Author: September 28, 2018
It is important to the future that we not just respond to changes of practice, but that we drive them. Interprofessional education is key because the long-term success of the University depends on friction-free collaboration and a wider understanding of the work of others. We need to climb out of the narrow chutes of our fields of study and develop a shared language. This will also be important in serving our community. If we learn true interdependence, we can make better research and treatment decisions for our patients.
Last February we broke ground on a tangible vision of our future, the Health Science Education Center (HSEC). The center will allow the concept of “adjacent possible” to flourish as concepts transfer from one field to another. It is a space for creativity and growth, a hub for developing interprofessional relationships, and a place where all components of knowledge are seen as an interrelated whole. All of these factors will help transcend the boundaries of academic silos. By removing the artificial boundaries of professions as imposed by history, students and faculty will be challenged to own and to think about concepts across health in new and imaginative ways.
By preparing ourselves and our students for the future, we can have a significant impact on our state, our communities, and our personal and professional growth, all of which are closely aligned with our responsibility as a land grant University. We can develop new collective values, a shared recognition of the importance of diversity, new strengths in problem-solving, and a system that rewards courage above conformity.
As part of this, the new HSEC will challenge many of us to develop teaching skills that will truly fit the space and provide the best learning experience for our students. In partnership with the Center for Educational Innovation, we have created and planned a wide variety of resources to help us learn more about shaping our curriculum and teaching for the future:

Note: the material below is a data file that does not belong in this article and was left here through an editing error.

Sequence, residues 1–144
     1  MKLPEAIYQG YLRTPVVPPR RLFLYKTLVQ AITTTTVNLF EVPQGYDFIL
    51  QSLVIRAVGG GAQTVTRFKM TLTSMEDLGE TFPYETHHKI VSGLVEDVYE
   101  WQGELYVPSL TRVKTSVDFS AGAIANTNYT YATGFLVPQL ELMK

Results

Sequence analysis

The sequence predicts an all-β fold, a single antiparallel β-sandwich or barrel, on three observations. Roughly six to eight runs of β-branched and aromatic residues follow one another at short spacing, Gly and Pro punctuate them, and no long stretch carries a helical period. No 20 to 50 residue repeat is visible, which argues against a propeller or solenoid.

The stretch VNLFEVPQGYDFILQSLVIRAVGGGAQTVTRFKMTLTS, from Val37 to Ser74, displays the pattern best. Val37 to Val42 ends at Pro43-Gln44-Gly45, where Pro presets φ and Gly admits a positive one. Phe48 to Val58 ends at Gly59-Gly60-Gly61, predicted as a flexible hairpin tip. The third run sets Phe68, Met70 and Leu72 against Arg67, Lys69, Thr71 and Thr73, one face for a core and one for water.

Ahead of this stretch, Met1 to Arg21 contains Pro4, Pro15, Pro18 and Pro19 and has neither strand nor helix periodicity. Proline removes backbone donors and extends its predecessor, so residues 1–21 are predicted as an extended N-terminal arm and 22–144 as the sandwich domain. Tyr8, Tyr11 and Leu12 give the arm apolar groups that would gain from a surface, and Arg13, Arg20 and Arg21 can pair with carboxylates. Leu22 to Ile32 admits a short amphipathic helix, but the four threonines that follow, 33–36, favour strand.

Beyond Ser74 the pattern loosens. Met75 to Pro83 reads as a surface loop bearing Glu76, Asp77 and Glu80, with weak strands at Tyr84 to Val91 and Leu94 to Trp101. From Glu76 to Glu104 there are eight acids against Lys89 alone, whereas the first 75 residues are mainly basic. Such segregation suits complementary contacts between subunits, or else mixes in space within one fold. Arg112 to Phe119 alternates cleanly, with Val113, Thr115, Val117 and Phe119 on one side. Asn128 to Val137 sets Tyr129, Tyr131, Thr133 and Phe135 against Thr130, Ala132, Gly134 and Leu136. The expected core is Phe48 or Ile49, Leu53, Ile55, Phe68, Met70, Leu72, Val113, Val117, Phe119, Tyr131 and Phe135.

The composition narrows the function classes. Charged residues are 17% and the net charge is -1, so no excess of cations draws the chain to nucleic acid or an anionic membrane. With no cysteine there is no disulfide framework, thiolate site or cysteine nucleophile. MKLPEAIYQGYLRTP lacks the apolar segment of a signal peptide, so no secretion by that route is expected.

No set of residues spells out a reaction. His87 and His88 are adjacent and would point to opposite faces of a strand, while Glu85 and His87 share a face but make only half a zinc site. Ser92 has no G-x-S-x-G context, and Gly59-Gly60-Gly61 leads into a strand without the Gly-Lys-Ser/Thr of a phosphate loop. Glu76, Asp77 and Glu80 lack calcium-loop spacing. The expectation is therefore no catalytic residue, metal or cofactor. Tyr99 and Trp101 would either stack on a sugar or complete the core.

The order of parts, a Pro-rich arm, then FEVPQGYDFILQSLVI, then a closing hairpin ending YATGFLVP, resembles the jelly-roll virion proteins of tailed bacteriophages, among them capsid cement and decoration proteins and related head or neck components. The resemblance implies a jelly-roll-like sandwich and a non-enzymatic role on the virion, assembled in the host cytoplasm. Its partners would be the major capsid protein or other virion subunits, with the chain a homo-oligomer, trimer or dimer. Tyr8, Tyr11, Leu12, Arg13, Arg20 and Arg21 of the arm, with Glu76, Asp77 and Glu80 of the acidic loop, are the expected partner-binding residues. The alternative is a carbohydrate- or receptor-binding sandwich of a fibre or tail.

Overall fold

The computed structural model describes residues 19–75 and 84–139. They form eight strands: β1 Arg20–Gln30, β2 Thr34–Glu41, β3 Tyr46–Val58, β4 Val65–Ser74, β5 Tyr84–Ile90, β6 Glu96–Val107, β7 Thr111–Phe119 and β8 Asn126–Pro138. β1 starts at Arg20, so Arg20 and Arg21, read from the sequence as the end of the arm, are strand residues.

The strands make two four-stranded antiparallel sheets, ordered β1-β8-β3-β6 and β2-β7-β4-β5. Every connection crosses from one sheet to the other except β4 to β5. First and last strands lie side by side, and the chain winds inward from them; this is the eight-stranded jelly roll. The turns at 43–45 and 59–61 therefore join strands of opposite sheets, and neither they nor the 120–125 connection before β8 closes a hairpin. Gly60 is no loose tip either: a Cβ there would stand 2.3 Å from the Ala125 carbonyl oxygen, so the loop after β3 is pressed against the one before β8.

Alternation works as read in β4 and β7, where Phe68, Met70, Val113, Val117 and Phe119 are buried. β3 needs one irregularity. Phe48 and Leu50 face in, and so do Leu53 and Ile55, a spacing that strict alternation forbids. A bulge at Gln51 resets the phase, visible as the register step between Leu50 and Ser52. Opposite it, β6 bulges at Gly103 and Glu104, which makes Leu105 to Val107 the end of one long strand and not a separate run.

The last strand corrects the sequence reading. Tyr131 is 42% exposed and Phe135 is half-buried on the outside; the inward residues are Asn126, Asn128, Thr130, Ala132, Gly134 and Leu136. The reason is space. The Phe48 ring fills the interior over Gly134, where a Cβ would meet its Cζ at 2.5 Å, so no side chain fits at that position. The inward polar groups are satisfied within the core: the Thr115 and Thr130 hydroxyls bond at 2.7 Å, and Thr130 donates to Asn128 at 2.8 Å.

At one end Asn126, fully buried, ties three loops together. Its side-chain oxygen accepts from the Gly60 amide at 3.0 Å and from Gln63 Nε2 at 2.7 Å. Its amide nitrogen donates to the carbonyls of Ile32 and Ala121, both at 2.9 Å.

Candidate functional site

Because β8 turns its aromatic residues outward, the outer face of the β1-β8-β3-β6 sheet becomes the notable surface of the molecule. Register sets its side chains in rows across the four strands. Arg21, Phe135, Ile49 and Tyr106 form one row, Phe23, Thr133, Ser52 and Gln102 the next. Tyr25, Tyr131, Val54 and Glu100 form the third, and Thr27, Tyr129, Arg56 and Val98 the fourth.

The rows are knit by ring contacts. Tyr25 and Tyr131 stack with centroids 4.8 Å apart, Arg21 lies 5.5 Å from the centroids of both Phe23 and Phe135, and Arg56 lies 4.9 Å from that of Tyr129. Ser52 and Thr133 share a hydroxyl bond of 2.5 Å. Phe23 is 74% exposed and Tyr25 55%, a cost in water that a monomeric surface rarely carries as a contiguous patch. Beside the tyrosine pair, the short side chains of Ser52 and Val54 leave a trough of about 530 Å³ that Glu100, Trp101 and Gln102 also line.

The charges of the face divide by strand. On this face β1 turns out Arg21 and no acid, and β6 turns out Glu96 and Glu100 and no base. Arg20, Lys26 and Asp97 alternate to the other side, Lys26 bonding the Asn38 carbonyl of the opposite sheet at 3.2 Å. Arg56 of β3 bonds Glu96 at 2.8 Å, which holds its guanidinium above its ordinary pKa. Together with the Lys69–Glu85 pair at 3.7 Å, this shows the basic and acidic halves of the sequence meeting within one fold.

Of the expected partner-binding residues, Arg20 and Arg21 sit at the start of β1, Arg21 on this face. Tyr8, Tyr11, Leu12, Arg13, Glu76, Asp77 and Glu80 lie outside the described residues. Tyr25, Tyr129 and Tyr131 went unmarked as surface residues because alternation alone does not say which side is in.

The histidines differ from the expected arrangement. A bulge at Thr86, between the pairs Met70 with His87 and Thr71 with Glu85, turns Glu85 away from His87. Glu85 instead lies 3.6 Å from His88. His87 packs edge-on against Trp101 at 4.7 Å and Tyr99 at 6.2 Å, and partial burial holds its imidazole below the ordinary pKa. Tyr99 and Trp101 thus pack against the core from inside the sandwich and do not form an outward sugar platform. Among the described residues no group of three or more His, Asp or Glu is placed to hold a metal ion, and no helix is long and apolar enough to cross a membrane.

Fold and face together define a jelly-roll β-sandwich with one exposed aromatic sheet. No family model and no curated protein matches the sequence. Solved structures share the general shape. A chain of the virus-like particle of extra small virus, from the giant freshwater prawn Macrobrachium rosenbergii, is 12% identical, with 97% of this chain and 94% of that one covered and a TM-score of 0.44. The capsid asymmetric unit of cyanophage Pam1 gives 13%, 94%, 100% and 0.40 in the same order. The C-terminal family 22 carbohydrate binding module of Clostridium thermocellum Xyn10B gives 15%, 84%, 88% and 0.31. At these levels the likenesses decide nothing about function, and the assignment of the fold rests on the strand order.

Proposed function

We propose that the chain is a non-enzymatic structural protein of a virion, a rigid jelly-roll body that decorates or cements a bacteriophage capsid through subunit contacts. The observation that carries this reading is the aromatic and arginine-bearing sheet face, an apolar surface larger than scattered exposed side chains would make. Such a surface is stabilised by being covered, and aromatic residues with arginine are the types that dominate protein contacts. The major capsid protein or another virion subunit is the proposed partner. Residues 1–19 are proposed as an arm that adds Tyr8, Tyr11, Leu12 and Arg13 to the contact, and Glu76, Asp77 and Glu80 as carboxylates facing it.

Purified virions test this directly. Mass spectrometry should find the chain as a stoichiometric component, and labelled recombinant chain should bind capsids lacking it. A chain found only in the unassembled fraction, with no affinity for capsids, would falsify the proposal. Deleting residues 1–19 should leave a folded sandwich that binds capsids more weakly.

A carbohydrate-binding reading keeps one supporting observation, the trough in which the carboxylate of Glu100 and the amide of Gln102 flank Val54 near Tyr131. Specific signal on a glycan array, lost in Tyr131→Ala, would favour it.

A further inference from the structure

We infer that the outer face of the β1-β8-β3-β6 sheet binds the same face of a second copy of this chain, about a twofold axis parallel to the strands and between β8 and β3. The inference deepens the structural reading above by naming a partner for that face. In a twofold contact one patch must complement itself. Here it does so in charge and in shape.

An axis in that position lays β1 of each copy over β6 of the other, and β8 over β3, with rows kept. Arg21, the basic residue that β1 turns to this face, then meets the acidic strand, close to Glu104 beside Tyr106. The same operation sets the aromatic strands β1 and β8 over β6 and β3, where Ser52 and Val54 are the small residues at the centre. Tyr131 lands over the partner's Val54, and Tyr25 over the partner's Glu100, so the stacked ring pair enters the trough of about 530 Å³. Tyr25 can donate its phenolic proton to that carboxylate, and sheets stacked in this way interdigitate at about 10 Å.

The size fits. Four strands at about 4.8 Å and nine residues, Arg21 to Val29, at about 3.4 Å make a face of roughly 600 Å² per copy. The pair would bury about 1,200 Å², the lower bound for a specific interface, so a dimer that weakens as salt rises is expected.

Class: “Space Matters: Supporting Active Learning” Learn from expert Adam Finkelstein about teaching in active learning classrooms on September 27, 10:00-11:30 a.m. in the Mayo Auditorium. Please read about him and register for the event here.
Observation: See an experienced instructor effectively use an active-learning space as they teach a class. Sign up here.
Shared experience: Attend one hour workshops offered throughout the 2018–19 academic year to address how to successfully teach in active learning classrooms. These workshops will be face-to-face and online.
Individual support: Schedule a one-to-one consultation with an education specialist from the Center for Educational Innovation to provide you with suggestions and ideas to effectively incorporate active learning into your teaching.
I strongly urge you to take advantage of one or more of these excellent resources to help you prepare for a future that will be both exciting and challenging.
It is important to the future that we not just respond to changes of practice, but that we drive them.